We’ve witnessed the great airline ticket unbundling, which has shifted all-inclusive fares to an a la carte ticketing strategy.

This has given travelers greater choice and flexibility while giving airlines more ways to customize the flying experience onto their path to personalization.  

These extras from the base fare which are not required to travel are known as ancillaries. Travelers are presented with lower fares in exchange for the ability to purchase only the additional products that they need for their specific journeys.

Ancillary Revenue Categories

So, what kind of products are considered ancillaries? The best way to understand ancillaries is to categorize them and walk through each category. In the graphic below you’ll see a broad-level overview.  

As you can see, ancillaries can be broken down into three distinct categories: Attached Products, Partnerships and Loyalty. We’ll walkthrough each one and their corresponding products.  


Let’s first begin with a bit of history. In 1981, Former American low-cost airline PeopleExpress charged travelers $3 for checked bags, and by 2005, most airlines were charging for overweight bags.

However, baggage fees really took off with Ryanair. The low-cost carrier began charging travelers for checked bags in 2006 ($10 if purchased online and $20 at the airport).  

By 2008, even most full-service carriers started shifting towards unbundling and were charging for checked bags.

By 2010s, carry-on bags were the next to be added as an ancillary. In 2010, Spirit Airlines began charging for carry-on bags followed by Allegiant Airlines and Frontier Airlines in the coming years.  

Today there are several baggage-related ancillary products.  

Types of Bag Charges:  

  • Carry-On Bags  
  • Checked Bags  
  • Overweight  
  • Oversized  
  • Sporting Equipment  

There are some additional optional services that are related exclusively to bags:

  • Priority bag drop  
  • Priority bag return  
  • Lost bag insurance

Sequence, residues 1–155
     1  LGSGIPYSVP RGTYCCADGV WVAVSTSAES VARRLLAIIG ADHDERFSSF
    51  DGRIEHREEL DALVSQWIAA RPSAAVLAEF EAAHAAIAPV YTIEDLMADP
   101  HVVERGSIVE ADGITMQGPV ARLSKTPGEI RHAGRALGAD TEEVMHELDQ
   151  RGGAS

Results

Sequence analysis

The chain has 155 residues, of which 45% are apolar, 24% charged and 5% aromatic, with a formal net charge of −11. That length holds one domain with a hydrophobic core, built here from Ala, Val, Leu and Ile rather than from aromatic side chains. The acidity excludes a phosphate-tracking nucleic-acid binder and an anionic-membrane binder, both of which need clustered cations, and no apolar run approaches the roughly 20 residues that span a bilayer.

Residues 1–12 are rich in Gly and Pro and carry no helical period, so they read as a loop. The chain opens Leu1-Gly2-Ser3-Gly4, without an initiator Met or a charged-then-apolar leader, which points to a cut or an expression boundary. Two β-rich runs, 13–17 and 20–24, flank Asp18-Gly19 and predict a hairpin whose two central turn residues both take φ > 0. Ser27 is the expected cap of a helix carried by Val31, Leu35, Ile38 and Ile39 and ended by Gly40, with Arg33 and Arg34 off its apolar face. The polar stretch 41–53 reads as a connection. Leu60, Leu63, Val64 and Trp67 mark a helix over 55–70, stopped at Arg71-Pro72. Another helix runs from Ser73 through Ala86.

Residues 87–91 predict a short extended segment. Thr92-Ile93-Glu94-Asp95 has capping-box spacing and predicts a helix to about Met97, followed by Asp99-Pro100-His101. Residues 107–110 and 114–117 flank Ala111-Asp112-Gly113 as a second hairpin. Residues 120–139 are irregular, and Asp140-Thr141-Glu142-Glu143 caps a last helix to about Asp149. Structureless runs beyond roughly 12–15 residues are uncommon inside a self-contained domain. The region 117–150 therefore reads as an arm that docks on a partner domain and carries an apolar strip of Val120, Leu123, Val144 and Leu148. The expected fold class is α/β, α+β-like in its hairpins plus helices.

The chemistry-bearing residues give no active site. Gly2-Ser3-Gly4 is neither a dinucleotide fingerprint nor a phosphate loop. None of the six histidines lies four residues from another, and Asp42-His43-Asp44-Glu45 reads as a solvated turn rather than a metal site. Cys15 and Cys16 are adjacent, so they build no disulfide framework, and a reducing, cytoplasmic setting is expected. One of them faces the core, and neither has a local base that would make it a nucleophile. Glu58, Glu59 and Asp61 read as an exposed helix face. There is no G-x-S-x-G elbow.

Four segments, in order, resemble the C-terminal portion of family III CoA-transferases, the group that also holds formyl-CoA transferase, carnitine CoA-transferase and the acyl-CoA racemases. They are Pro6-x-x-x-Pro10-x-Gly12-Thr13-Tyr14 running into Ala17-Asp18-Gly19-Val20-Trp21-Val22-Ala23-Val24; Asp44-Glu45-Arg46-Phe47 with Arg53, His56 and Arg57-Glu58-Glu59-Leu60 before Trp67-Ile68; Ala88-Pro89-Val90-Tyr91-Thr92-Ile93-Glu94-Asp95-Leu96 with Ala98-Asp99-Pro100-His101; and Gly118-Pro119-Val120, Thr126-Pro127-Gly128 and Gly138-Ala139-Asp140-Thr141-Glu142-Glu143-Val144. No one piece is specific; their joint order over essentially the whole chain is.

• Valuable baggage insurance
  • Hands-free bag

As you can see, even a seemingly singular component such as a bag can have a significant number of ancillary options related to it.  

Seat Selection

Next to baggage, seat selection is probably the most understood type of ancillary. While premium ticket purchases include seat selection, it’s become very common (even for full-service carriers) not to include seat selection as part of the standard fare.  

Seat selection options are based on the Seat Zone or Sear Group a traveler has access to based on the fare class a traveler has purchased.  

While many airlines today have branded seat zones, the most common seat zones are:

  • Lie flat
  • Business Class
  • First Class
  • Extra Leg Room
  • Front of Aircraft
  • Economy
  • And the rapidly growing Premium Economy option
Here is what a typical seat assignment/selection looks like for a traveler

Additional services related to seat selection include:

  • Neighbor Free Seat (Extra Seat)
  • Some airlines require oversized passengers to purchase an extra seat (as you can imagine this policy isn’t without scrutiny).  
  • Upgrade auctions that allow travelers to bid on seat and cabin upgrades.  
  • Some airlines have explored different pricing based on Window, Middle and Aisle seats.  

There are a few other points to be aware of when it comes to seat selection ancillaries. One of the challenges for airlines comes with family seating. Family seating rules require children 15 or younger to be seated with an adult on their reservation.

Unfortunately, random seat assignment algorithms are not configured to follow these rules and can separate a child from an adult, which means gate agents are then required to reseat travelers.  

The other important component here is regarding premium seat zones such as First Class and Extra Leg Room. The limited quantity allows for revenue optimization utilizing traditional revenue management techniques.

Changes and Cancellations

Changes and cancellations related ancillaries have faced the most upheaval during the pandemic as airlines have given travelers greater flexibility during uncertain times.

During normal travel periods there are three main types of changes a traveler can make to a ticket:

  • Flight Modifications: A traveler changes the flight date/time or origin/destination (fare difference will apply)
  • Flight Cancellation: A traveler cancels the flight  
  • Name Change: Change the name of the traveler on the reservation

If these changes are made on the same day of travel, there are additional perimeters to consider:

  • Same Day Change (Same day airport change): A traveler changes to a later or earlier flight on the same day as the original departure date. This charge typically only occurs at the airport. The traveler will not pay a fare difference.  
  • Same Day Standby (Revenue Standby): A traveler requests to be added to the standby list for a flight departing the same day as their original flight. The traveler will not pay a fare difference
  • Airline Trip Protection (Passenger Rescue Service, Departure Protection): Pre-purchased service that requires airline to help the traveler in the event she/he misses her/his flight.  This can include giving priority to these travelers in the event of a flight cancellation  

Of course, travelers can purchase additional ancillaries in order to avoid these potential change fees: